However, if your child’s stomach were to get worse and even last for more than just one day, then it could be something more serious, something which needs to be investigated. Even so, if the stomach pain lasted more than a day with your child, there are still even other things besides appendicitis that could be causing this. These could be:
- A stomach ulcer
- Some inflammatory bowel disease like ulcerative colitis or Crohn’s disease
- Tumors, be they cancerous or benign
- UTI –or urinary tract infection
- A hernia
See how hard it is to diagnose appendicitis? Appendicitis in a 4-year old is probably when the child says he or she has pain in the area of the bellybutton, and that pain starts to spread down to the lower side of their abdomen. Usually, an abdominal infection would have occurred, which would spread to the appendix. If your child writhes in pain on movement, or when taking deep breaths, or coughing and sneezing, you probably would have guessed right that he or she has appendicitis. It is imperative that you heed the warning signs of appendicitis in children and get your child to a doctor immediately.
What is Acute Appendicitis and What is Chronic Appendicitis?
People often ask the question, “Can appendix pain come and go?” or “Does appendicitis pain go away?” There are actually two types of appendicitis – one is chronic and the other is acute. Many times, in the case of chronic appendicitis, somebody might have the symptoms of appendicitis, but they just carry on with their normal life, until it turns into acute appendicitis. With chronic appendicitis, symptoms disappear and then reappear over a period of time. Sometimes appendicitis symptoms in children with no fever are there and the parents might not even take their child to a doctor when there appears to be no fever. Sometimes with chronic appendicitis, it can actually go undiagnosed for days, weeks, months and even years.
When appendicitis is acute, the symptoms become more severe, and they can just suddenly appear within a matter of 24-48 hours. When it does appear in its acute form, it needs on-the-spot attention.
In a baby, it is hard to diagnose appendix problems and parents might believe the baby or toddler is suffering from a stomach ache. But as mentioned above, a baby’s appendix can also get clogged with bacteria which can develop into appendicitis. You will immediately let your doctor know if your baby can’t speak and you notice these symptoms:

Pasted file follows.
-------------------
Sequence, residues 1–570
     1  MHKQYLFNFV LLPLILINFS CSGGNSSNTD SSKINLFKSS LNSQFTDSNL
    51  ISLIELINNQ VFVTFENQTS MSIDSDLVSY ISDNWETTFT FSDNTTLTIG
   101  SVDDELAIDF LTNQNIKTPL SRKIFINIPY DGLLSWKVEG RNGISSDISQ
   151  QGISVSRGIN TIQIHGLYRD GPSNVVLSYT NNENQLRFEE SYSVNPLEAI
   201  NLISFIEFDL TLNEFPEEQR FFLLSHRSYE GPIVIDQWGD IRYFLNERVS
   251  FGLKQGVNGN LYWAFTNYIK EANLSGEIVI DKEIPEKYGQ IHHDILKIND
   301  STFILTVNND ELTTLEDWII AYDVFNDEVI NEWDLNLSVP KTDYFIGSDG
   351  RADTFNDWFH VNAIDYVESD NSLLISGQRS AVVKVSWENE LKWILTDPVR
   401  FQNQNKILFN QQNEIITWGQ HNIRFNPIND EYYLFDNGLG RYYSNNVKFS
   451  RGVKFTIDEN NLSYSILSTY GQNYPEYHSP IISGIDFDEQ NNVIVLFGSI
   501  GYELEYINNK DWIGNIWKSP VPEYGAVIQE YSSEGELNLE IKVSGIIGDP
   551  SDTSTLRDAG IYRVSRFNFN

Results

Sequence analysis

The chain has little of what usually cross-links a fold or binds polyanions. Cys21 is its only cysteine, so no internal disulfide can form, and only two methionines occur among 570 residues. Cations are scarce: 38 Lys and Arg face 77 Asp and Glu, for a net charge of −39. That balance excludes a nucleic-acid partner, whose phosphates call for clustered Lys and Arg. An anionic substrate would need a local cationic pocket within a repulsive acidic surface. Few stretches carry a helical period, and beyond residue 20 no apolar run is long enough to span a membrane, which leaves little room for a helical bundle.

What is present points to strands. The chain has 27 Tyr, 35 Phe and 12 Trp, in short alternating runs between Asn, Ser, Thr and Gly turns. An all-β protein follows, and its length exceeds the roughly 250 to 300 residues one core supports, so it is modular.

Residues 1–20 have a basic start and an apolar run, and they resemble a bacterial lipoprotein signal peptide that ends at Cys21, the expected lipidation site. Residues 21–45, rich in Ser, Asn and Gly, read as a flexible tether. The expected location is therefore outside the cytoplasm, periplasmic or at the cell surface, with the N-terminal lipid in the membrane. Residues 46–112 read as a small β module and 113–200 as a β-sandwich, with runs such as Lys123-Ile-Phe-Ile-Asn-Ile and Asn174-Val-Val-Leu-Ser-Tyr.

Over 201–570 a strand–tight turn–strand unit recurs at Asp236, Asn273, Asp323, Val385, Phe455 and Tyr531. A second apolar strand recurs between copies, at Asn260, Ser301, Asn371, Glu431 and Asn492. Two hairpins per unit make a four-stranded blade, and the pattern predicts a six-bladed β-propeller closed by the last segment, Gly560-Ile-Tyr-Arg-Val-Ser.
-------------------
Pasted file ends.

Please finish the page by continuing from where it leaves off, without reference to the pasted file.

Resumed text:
- Loss of appetite
- Abdominal pain
- Your baby’s abdomen will be sensitive to your touch.
How Does a Doctor then Diagnose Appendicitis?
When there are signs of appendicitis in a toddler or older child, the doctor will enquire about the medical history of the child. He might ask something like “Is the appendicitis pain constant?” Then he will do the proper medical examination. This will include:
- An abdominal ultrasound. This technique makes use of high-frequency sound waves from a computer to show images of tissues, organs and blood vessels. The ultrasound can show the doctor views of the internal organs and how they are functioning and also assess blood flow through the blood vessels.
- Computer tomography scan or CAT scan of the stomach. This will entail x-rays and the latest computer technology. Images of different parts of the body combined with x-rays will show the doctor bones, fat, muscles and organs of the child.
- Blood tests will be carried out which would reveal the visibility of the infection and which can reveal if there are other problems with other parts of the body.
- A urinalysis test will reveal kidney or bladder infections to the doctor and which the doctor will recognize as symptoms of appendicitis.
Your Child Really Does Have Appendicitis and Will Have an Appendectomy
Usually, an appendectomy takes places. This is the removal of the appendix surgically. It is necessary to do this, because if the appendicitis is not caught in the early stages, it can rupture, causing infection of the membrane lining of the abdominal cavity. The infection can be fatal. Doctors have always believed that it is very important to get rid of the infection and they will do this by administering antibiotics before they actually carry out the appendectomy. Then they wait until the infection has subsided before they carry out the appendectomy. This can sometimes be 6-8 weeks after the child has been diagnosed with appendicitis. Research shows that children are quick at recovering and often do not suffer from the post-surgical complications like adults do when it comes to infection of the appendectomy wound, and if the ruptured appendix was removed 24 hours after rupturing.
How Will a Doctor Treat Appendicitis?
The doctor will know what to give your child, based on the seriousness of the problem. He will want to know how old your child is and what their general health history looks like. He will give his opinion on the best care and diagnosis for your child and discuss with the parents how they would like their child to be treated.
If the removal of the appendix is suggested to alleviate the infection and to prevent it becoming life-threatening, this will be suggested to the parents. The appendix can be removed in a couple of ways. These are: